I was reading a Bloomberg article today about the downfall of the celebrity chef restaurant. Call me a hater, say I’m jealous, accuse me of ill feelings toward those who have “made it” in the high-profile world of food peddling, but I will openly admit this is something that puts a smile on my face.

Of course, my disclaimer is I don’t wish anyone to lose a job, struggle to make ends meet or be the least bit unsuccessful. I love seeing success where it is warranted. The article dealt mainly with the numbers of these restaurants that have gone down the tubes over the past three years or so, and I can see why.

Aging restaurants have grown stale, rises in rent and expansion did in a few, lackluster reviews affected some celebs and even the #metoo movement had some effect on the lifespan of certain celeb-affiliated venues. There was, however, one thing the article didn’t mention: the bubble is bursting.

For better or worse, chefs have become the rock stars of our era. It’s celebrity for the sake of being famous, the pretty face, the smart hair, the tattoos, all about image and less about product. The trouble only begins there. Our real problem is that everyone who ever shared their 15 minutes on a cable TV show thinks their fame should carry them into a profitable series of restaurants that can be run from afar. It’s all too common, and we are watching that crumble.

Growing up, there were Julia Child, Paul Prudhomme, Justin Wilson and, yes, Mr. Food. Julia Child was the sex appeal, Prudhomme had the motorized scooter, Wilson could measure teaspoons in the palm of his hand and Mr. Food made us swoon with the catchphrase, “Ooh, it’s so good!” See where I’m going with this? This wasn’t slick, over-polished pop music from Nashville. This was unvarnished folk on an indie label. There wasn’t much sexy about it, but the food was great.

The dawn of the new food star came in the form of Emeril Lagasse. He deserved it. It looked like he worked hard for it and had the best single-syllable catchphrase ever uttered on television — “BAM!” I’ve eaten at his restaurants and have been very impressed. He was responsible for the success of the Food Network and marked the beginning of a renaissance for food celebrity. A Massachusetts transplanted Yankee, he shone the spotlight on the South, particularly New Orleans, as did Wilson and Prudhomme.

That’s the moment we saw how cool it could be to become a cook. It went downhill from there. Sure, we’ve had some gems like Bobby Flay, Alton Brown and Mario Batali make it in the biz, all for completely different reasons, but for the most part the market became flooded with talent. I’m not saying the “celebrity” chefs we see on TV aren’t talented, I’m just saying when there are so many of them they don’t stand out.

Ingredients, techniques, cookware and informational avenues are far more advanced than they were 20 years ago. The modern chef is doing so much right now, but does that make it more special than watching Mr. Food at 7 a.m.? No, it doesn’t.

Culinary Institute of America grads are tearing it up right now, but guess who else is … the home cook. Easier than ever, a literate 30-something with a library card or an internet connection can crank out top-notch dishes with ease. Domestically we have upped our game in the Information Age, leaving the dozens of “celebrity chefs” in the awkward position of teaching us something we don’t already know.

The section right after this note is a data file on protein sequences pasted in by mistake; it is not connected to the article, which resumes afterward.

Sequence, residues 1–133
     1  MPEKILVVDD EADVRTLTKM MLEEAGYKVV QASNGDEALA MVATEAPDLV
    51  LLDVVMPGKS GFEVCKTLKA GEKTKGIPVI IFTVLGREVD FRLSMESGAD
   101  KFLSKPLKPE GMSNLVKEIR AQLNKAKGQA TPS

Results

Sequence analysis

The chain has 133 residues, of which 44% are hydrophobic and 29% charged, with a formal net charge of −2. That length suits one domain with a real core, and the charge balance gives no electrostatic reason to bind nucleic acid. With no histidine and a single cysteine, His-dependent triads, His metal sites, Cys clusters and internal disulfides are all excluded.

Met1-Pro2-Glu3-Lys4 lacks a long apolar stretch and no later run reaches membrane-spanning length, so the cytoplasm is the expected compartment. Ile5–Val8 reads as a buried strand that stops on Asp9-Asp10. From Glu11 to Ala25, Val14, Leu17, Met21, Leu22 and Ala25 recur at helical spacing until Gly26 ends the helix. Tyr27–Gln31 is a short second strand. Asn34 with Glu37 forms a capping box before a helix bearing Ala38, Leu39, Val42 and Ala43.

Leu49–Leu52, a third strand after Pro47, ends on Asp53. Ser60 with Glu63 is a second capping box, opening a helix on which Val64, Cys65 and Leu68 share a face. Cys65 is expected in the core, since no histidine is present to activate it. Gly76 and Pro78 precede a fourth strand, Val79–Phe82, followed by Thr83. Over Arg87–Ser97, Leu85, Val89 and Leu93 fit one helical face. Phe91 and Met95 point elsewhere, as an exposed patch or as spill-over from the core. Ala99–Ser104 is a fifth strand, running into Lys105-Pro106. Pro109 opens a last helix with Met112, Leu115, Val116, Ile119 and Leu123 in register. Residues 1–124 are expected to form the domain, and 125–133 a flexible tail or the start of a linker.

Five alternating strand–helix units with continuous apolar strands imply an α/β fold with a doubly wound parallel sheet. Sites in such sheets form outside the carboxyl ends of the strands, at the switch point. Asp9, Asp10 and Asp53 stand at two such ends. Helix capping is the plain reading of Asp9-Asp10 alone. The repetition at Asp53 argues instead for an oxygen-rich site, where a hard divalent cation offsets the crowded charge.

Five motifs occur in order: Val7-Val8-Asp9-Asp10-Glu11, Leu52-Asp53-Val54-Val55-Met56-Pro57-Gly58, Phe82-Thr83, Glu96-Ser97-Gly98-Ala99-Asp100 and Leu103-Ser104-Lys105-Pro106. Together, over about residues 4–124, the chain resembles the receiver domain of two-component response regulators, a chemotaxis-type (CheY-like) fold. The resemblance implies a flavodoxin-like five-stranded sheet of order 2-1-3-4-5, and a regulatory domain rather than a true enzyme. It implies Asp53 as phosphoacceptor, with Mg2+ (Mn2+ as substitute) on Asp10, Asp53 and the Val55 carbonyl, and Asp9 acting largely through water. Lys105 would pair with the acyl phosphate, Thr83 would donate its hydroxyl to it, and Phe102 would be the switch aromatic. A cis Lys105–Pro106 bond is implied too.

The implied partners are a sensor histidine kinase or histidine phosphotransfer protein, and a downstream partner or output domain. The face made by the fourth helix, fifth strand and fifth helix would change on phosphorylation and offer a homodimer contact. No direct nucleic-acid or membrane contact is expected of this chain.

Even the backstory for these stars is the same as for the amateur. “She began cooking at her grandmother’s side, sitting on a stool next to the counter peeling parboiled potatoes with a dull knife, taking in the secrets of a forgotten time when food was real and unprocessed.” Turns out I have that same stool.

When people talk to me about these chefs and say, “Oh, you know him, he was the season 4 winner of ‘Top Chef,’” I immediately tune out. I can’t keep up. I’m lucky to remember who won the Super Bowl. How long did you think these things would hold our interest? Mine, not long.

The late, great Anthony Bourdain’s programs often celebrated cooks who made their livings in rural communities slinging sustenance from the back of a yurt or an open flame at a village eatery. His celebrity was cutting edge, drawing attention to the unsung heroes of the world, a far cry from creating a star. That was something I could tune into.

We will always have celebrity chefs, but not everyone should get to hold that rank. To me it’s similar to the dot-com bubble that burst. Too many had gotten into the business for the wrong reason. It was less pure. Now we see far too many television chef stars to count, which by my definition makes them no stars at all.

While we’re at it, two other celebrities need to fade away: bacon and wine. Neither of these are religions. Quit treating them as such. I love them both, but I don’t have any clothing celebrating them. I don’t feel the need to post a meme about them to let you know where I stand. I drink too much and eat too much, so my position is clear. And I’m certain the more you express your love, the less you know about the subject. I’ve never met a sommelier with a “Wine Down Wednesday” or “Hakuna Moscato” T-shirt. Same goes for coffee.

If a purge is really happening, I welcome it. Get rid of the fly-by-night wannabes who are trying to be famous instead of honing their chops. Throw away 8-inch-tall hamburgers and bloody marys with slices of pizza and turkey legs affixed to the glass. It’s sideshow and as boring as deep-fried Oreos and yards of beer. Less hyperbole, less about image, more about your menu. Be a rock star by rocking your menu.